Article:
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Sketch Reviews

While watching Sketch, my mind was time-travelling 18 years back when Vikram as ‘Chiyaan’ and Sriman as his childhood friend shared one of the most natural friendships portrayed on screen in director Bala’s debut, “Sethu” (1999).

That was also the movie that gave Vikram his first substantial hit along with the catchy moniker, “Chiyaan”. In this movie too, Vikram and Sriman share a similar friendship, but the problem is that they both are in their 50s and yet Vikram didn’t have qualms to romance a heroine who is almost half his age! That’s one of the many issues with “Sketch”.

A Vikram film being full-on action has failed miserably in recent times. It all started with ‘Rajapattai’, then ‘Thaandavam’, followed by ’10 Endrathukulla’, ‘Irumugan’ and now it’s “Sketch”. He has become the Liam Neeson of Kollywood – a terrific actor who is seriously struggling to choose a proper script. Why can’t he play a leading man in his late 40s? Especially when today’s audiences who are eager at welcoming novel attempts, the platform can’t get any better for a performer like Vikram!

Coming to the plot – a local goon, who goes by the moniker Sketch (Vikram), works at a mechanic shop and is being used by its owner to confiscate vehicles from their respective owners who don’t pay their dues. He gets involved in a tangle where the deadly villain’s ego gets quashed. Conflicts ensue, his friends and cronies get butchered and Sketch survives at the end to realize that the real killers are the least suspected ones.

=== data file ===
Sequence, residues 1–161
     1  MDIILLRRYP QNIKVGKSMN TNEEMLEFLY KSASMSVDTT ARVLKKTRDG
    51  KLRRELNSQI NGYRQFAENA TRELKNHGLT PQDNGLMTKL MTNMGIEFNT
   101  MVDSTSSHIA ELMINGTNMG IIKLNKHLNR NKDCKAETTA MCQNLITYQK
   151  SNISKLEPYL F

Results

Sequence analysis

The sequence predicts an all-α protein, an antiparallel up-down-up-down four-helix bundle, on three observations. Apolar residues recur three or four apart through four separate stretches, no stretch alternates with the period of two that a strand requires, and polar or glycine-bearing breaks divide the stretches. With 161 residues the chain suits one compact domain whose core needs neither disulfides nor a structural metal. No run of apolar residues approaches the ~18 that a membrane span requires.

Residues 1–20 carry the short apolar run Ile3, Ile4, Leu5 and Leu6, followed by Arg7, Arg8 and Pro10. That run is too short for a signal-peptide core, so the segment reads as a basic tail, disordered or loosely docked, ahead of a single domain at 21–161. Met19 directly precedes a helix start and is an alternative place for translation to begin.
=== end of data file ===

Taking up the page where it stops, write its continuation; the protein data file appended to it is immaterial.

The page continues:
This was yet another plot which could have done without a heroine and it was not meant for an actor like Vikram either. This one could have been easily pulled off with a much younger guy. Tamanna clearly showed signs of ageing and her mannequin clad skin tone made her look paler. In fact, Tamanna’s friend (Sri Priyanka) looked much younger and beautiful. After a certain point, the audiences started booing for the romantic scenes between the lead pair, as the dialogues came across hollow and empty.

The villain who was showcased as a deadly goon was reduced to a joke when he single-handedly attempts to pull off a drug deal. The silver lining was that at the end, the way in which he gets executed with a “sketch” was somewhat whistle-worthy. Also, the twist at the end was quite surprising, but when we get into the details, it was somewhat naive. The director finishing off things with a message on child labour was an absolute deviation from the mood of the movie.

Thaman’s music was average with “Cheeni Chillaale” being the number that is hummable.

Director Vijay Chander has been too careless with the plot and also with the choice of actors. The result is a 2 hour long and naive session with an actor whom we’ve loved watching in memorable roles in the past being subjected to an abusive plot that makes him helplessly baffle around!

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